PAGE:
Maybe that’s Bitcoin’s killer app, giving people yield. People around the world want yield. And many others want to raise debts. But the settlement and exchange systems underlying that credit are too cumbersome, slow, costly, and restricted by national borders.
I’m passionate about abstracting financial instruments over Bitcoin. I firmly believe that they are the future. Expect more to come.
Lately I got out of San Francisco and traveled to Turkey. I’d been there many times. But even revisiting it after so long (6 years), I was struck by the differentness of the place. All the sights and sounds are different. The bread smells different; it has some variant of sesame we don’t have in the US. Every little thing is different, as if rethought from scratch by someone unfamiliar with our culture. That is what culture is, I suppose: a radical rethinking of everything along a slightly separate vein.
I marveled also at the effect travel had on me, even after only three years of living exclusively in the US. My brain was challenged with every sensation. The Turkish language exemplifies the foreign feeling of everything there; the language possesses radically different concepts from English (and all Indo-European languages). I speak some Turkish. I struggled to form the words of the most basic sentences. I lost the feeling of full command over language that we enjoy in our mother tongue. I was trapped inside halting, idiot-like speech. Hearing myself speak English occasionally, I thought with relief, “My god, I actually speak something well.” It was like the swordsman without a sword, making do with a little stick instead. When he finds the sword, he feels like he’s slipped into his own shoes.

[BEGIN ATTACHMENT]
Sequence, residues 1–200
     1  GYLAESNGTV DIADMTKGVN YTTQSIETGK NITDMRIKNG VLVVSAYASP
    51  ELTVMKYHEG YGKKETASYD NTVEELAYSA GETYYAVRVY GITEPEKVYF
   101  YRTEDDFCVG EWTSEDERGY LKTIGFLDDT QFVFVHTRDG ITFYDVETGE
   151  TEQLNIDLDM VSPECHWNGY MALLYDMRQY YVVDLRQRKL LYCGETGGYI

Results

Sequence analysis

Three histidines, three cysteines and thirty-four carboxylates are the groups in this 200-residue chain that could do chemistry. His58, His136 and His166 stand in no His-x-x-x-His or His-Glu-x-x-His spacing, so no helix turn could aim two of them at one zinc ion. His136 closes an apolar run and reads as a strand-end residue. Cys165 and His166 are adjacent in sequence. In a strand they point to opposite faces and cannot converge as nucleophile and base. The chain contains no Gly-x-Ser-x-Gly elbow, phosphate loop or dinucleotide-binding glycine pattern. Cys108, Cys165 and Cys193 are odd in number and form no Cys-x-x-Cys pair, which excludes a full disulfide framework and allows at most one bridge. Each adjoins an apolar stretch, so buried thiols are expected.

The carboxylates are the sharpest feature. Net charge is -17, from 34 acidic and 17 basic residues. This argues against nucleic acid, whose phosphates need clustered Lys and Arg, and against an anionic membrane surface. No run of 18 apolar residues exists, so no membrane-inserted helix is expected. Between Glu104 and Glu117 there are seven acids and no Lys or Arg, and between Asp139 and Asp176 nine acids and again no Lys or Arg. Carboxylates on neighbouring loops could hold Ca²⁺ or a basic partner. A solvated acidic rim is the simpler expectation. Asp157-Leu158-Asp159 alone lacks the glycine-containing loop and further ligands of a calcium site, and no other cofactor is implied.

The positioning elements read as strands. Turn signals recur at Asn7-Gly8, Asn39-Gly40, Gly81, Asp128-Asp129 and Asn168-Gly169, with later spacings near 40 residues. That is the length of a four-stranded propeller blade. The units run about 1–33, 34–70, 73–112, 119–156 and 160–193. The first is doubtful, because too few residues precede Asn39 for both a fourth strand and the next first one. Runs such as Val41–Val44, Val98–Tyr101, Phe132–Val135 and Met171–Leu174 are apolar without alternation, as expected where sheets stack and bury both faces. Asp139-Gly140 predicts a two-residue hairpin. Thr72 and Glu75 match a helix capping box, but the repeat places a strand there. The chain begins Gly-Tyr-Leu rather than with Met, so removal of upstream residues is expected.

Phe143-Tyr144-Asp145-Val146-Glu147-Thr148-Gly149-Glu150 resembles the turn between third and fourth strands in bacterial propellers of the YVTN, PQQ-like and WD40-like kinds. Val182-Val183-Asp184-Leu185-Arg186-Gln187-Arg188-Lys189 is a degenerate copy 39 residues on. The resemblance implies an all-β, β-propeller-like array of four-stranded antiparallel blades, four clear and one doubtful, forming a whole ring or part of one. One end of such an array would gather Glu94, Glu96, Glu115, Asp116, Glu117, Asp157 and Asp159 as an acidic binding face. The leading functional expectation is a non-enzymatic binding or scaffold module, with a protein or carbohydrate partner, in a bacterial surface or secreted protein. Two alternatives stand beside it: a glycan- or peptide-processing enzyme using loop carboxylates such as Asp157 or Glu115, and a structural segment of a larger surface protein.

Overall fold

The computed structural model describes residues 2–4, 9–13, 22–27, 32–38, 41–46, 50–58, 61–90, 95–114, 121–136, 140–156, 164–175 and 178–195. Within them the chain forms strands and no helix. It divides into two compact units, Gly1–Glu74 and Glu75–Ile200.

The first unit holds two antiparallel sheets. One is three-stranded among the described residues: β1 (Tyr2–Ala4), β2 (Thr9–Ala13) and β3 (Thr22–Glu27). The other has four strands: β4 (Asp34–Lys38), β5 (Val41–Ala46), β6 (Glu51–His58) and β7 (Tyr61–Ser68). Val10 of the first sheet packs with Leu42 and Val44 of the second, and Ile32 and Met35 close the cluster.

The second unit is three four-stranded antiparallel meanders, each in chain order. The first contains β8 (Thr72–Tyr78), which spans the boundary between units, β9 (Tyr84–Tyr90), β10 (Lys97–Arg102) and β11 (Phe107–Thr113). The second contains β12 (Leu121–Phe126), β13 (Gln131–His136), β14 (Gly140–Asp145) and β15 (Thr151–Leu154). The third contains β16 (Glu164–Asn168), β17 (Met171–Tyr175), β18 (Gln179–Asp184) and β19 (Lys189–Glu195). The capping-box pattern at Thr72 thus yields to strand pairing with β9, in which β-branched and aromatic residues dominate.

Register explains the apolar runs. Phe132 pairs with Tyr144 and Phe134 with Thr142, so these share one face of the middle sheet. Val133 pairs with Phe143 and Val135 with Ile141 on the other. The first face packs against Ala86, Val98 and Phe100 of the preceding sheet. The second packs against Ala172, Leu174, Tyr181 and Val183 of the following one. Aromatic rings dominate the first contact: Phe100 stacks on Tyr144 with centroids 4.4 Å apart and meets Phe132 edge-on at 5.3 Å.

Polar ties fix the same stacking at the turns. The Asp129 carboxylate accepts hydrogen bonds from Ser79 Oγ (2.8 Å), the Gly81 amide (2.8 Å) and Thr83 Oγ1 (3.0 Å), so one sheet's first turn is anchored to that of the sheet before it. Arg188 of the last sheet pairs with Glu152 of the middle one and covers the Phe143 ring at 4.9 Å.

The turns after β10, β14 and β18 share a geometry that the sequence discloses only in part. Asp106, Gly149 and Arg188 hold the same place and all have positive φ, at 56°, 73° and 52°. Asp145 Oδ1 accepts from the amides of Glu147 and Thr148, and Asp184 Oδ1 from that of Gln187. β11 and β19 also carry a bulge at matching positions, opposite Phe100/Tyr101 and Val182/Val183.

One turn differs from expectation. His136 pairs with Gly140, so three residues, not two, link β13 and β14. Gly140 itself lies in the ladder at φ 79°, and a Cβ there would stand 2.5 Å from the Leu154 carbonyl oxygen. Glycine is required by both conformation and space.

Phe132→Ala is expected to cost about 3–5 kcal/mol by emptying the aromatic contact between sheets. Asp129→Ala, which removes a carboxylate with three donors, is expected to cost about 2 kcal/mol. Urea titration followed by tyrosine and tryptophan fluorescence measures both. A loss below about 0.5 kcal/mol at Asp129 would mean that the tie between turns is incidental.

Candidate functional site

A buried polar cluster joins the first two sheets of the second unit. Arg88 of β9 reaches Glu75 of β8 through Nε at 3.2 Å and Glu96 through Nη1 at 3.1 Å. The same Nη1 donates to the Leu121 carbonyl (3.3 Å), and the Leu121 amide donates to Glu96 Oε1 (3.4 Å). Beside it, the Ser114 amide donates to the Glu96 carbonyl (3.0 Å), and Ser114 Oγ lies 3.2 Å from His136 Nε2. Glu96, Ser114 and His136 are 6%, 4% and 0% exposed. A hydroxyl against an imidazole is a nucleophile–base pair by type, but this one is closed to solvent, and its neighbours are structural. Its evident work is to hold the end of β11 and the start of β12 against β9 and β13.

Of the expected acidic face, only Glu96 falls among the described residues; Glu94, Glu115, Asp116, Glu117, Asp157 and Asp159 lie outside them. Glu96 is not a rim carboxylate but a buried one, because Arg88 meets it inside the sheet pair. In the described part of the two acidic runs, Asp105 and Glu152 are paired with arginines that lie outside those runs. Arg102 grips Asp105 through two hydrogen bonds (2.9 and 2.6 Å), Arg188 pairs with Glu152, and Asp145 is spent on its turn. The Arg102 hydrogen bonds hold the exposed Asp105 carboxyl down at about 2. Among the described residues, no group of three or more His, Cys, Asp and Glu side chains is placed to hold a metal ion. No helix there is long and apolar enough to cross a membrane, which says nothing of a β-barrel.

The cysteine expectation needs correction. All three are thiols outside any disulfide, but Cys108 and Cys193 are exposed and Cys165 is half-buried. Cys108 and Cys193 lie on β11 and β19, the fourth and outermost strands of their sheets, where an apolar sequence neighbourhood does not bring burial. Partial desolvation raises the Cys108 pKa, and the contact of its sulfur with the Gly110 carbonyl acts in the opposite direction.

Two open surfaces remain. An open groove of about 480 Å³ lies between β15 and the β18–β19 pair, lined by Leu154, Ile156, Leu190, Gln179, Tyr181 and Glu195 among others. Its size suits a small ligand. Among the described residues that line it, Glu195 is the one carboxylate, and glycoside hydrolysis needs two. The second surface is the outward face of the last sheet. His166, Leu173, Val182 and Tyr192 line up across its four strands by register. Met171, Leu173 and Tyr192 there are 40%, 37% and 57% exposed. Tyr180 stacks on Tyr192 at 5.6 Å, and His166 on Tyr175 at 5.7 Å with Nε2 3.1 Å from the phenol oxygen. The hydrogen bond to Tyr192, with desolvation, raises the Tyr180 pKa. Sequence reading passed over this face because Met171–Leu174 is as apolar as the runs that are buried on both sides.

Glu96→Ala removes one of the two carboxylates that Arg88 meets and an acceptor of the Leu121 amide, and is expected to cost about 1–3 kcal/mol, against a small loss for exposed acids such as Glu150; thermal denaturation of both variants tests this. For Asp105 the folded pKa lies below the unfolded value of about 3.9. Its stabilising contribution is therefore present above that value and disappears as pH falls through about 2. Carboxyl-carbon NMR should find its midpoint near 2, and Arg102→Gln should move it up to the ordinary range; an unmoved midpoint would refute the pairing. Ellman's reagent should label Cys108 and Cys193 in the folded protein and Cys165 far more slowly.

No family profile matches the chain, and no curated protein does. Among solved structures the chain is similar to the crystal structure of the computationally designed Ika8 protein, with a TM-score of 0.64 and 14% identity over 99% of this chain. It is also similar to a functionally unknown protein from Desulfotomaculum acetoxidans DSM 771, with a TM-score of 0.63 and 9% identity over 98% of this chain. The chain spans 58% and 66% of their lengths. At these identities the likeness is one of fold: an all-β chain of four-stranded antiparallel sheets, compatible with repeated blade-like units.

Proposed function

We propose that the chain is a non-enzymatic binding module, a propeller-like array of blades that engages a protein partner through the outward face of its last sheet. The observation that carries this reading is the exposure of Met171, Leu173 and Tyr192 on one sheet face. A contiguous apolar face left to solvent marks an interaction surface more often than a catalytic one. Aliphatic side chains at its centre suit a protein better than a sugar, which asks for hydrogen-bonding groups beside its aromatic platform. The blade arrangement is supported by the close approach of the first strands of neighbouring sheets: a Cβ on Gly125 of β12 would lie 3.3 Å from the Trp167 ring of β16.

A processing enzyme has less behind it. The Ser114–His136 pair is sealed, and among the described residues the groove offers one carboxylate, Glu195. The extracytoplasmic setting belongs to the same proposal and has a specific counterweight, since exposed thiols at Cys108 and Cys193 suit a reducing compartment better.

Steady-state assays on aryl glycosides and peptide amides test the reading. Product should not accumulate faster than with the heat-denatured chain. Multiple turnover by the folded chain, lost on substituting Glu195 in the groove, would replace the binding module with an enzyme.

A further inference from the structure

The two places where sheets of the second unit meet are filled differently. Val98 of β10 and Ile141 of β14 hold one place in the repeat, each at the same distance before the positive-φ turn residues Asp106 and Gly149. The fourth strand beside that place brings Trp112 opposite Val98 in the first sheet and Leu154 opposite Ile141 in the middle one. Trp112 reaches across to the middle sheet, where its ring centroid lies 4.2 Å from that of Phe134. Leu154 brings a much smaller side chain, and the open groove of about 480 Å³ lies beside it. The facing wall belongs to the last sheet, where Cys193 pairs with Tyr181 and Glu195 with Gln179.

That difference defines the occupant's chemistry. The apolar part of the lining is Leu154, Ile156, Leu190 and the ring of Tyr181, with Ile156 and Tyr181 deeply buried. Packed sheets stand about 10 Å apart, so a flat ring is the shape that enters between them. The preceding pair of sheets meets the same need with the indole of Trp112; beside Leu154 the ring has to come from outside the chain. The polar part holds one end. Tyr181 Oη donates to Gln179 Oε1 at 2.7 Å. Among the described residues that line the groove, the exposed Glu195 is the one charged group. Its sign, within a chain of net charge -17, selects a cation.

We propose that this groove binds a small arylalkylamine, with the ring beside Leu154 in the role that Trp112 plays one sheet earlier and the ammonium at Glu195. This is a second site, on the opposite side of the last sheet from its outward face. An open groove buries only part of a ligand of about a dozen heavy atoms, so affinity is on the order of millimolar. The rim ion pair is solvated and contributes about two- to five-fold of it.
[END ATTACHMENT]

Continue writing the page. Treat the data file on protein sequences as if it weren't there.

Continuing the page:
The little challenges of parsing differentness, in every form, was a boon to my imagination. I was liberated from the routine I enjoy in SF. I walk to work. I have an altogether pleasant life. But even in that pleasantness there is a monotony, an unchallenged state of the brain, that hampers creativity.
It seems crucial that the brain be challenged. Merely hard work is not enough. Foreignness is required. Differentness makes time slow down. It makes you see things in another light. The slowest times I ever felt, bar none, were the most difficult days I spent in Guinea. Those days felt absolutely glacial. But my brain was on. Each moment was a memory precisely because the differentness was at a fever pitch. Those are the days you remember being alive.
Facebook is one of the worst big stocks out there to own. After increasing by 4.5% today to ~$95 a share it has a market cap of $266 billion dollars. Owning FB stock is equivalent to saying “I think Facebook is worth more than the yearly GDP of Pakistan”. This is insane.
This is a good resource for their stats: http://finviz.com/quote.ashx?t=fb
A few points.
– FB’s price to earnings ratio is 95. This is suicide-nosebleed territory. Maybe for a company with huge growth potential such a ratio could be defensible, for a massive $266 billion market cap, it is totally crazy.
– Their price-to-book is 6:1. A lot of investors will say that this parameter doesn’t matter. But it does. With such high P/E and P/B ratios, there is no safety at all in owning this stock. If someday something doesn’t go well, or if anything happens at all, you are completely vulnerable to a massive downturn. Valuation always matters, especially when everyone says it doesn’t matter.
Actually their P/B ratio is much worse than 6:1. If you look at their balance sheet you will see that, for $42 billion of equity, $18 billion is actually goodwill. This means it’s basically hot air. So their real book value is, at most, little more than half the stated one. Once again, if the Greater Fool Theory ever stops working, this goodwill value is probably worth approximately zero.
– Facebook is investing in all sorts of areas in which they have no core competence. Such as WhatsApp and Virtual Reality devices. This screams of a corporation with lots of cash, lots of ability to raise cash, but precious few ideas. Throwing money at areas outside one’s core competence is unlikely to yield success.